Ask any adult child caring for an aging parent what they are experiencing and how they are doing and you’ll hear things like: “All told, Mother is doing okay, but money’s tight. It’s about time Dad stops driving—that will be hard! Yes, it’s a lot to juggle with the kids and work. I definitely feel the tension with my siblings. I’m not very pleased with the home she’s in, but there aren’t many options. I’m tired. He’s lonely without mother. We’re taking it a day at a time.”
When my mother was diagnosed with Alzheimer’s in 2002, we had no idea her decline would stretch over fifteen years. Looking back, I wish we had been more proactive in helping her face the loneliness, had paid closer attention to her medications, and given more proactive attention to making her home a safer place. But in the midst of it, how do you know what to do? How do you “honor your father and mother” when they are hundreds of miles away and declining ever so slowly? What conversations should you be having with them and your siblings? How do you begin to prepare for a future with a certain end but an uncertain path to it?
Caregiving can be a long and painstaking journey. It requires enormous doses of patience, wisdom, kindness, and organization ladled out day after day, often unnoticed and unappreciated. But for the Christian, it glows with the promised presence of Christ: “Never will I leave you, never will I forsake you” (Hebrews 13:5 NIV). Jesus enters into the aching loneliness, the fretful pain, the demented confusion, directing and empowering his people for the quiet work of love and service.
Stepping Up to the Challenge
Luke 9:18–36 marks a very important phase in the training of Jesus’s disciples. First, Jesus reveals his identity as “The Christ of God” (v. 20 ESV). He explains that this means he will suffer, be rejected, killed, and on the third day be raised to life. Jesus then reveals his demands in verse 23: “If anyone would come after me, let him deny himself and take up his cross daily and follow me.” In other words, following Jesus means we will experience the same sorts of difficulties he experienced.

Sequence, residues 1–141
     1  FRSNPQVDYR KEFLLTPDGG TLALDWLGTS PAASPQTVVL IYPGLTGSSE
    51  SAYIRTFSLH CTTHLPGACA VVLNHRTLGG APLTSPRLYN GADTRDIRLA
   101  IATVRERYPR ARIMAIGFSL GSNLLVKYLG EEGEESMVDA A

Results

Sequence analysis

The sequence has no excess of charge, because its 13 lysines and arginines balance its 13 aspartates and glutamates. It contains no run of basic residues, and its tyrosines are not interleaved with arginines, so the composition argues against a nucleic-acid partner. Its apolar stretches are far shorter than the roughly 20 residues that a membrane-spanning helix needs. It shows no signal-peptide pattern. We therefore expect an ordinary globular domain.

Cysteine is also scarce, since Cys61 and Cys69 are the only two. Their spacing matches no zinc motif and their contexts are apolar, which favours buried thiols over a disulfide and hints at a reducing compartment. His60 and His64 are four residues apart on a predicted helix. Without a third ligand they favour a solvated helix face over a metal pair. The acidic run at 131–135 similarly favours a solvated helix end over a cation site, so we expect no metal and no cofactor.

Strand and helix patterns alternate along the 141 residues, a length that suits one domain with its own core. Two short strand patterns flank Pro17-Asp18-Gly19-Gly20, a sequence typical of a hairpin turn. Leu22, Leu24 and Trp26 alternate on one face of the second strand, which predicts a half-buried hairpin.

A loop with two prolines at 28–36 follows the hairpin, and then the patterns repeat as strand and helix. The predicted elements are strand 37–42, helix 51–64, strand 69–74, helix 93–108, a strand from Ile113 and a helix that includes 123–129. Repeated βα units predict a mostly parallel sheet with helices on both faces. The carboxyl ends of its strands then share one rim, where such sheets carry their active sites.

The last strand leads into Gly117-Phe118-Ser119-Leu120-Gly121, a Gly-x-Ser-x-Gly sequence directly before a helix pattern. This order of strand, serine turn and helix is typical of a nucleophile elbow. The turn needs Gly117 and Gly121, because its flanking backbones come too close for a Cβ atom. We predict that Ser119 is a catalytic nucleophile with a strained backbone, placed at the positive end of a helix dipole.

About eight days after this encounter, Jesus took Peter, James and John up on a mountain, where he was transfigured (v.29). Glowing in dazzling glory, Jesus’s eternal and essential deity was briefly unveiled and he spoke with Moses and Elijah of his impending “exodus”—his death and resurrection by which he would deliver his people from their sin. And to top it all off, suddenly they were enveloped in a cloud from which came the voice of God the Father: “This is my Son, my Chosen One; listen to him!” (v. 35).
It’s hard to imagine all that went through the disciples’ minds as they walked down that mountain, but it wasn’t long until they were back in the thick of life and all its characteristic challenges. But the Mount of Transfiguration had changed them. Not so much because they had seen Moses and Elijah (though that would be quite amazing!), but because God had given them a key to navigating the self-denial and cross-bearing required of the followers of Jesus. He had told them this: “Listen to my Son.”
Following the Example of Jesus
Caregiving is rarely a mountaintop experience. It seems to have much more in common with self-denial and cross-bearing. But God has given his people all we need for the day-to-day selfless love he calls us to as we give care to the aged. He has given us his Word (Psalm 119:105; Hebrews 4:12). And his Word maps the riches of Christ onto all the realities of life because it is “breathed out by God and profitable for teaching, for reproof, for correction, and for training in righteousness, that the man of God[a] may be complete, equipped for every good work.” (2 Timothy 3:16–17).
How does this relate to caregiving? Over time, if you stay engaged in the Word, you can start finding your feet as a caregiver. You toughen up, learn the value of cheerfulness, get in the habit of regular communication, learn the art of loving and (at times) firm advocacy. You realize that no one has the same interest in your parents’ well-being as you and your family do—so you step up. You build stamina and come to appreciate the value of community in ways you never envisioned before. Things begin to clear as the Holy Spirit connects the riches of God’s Word to the particular challenges of caregiving.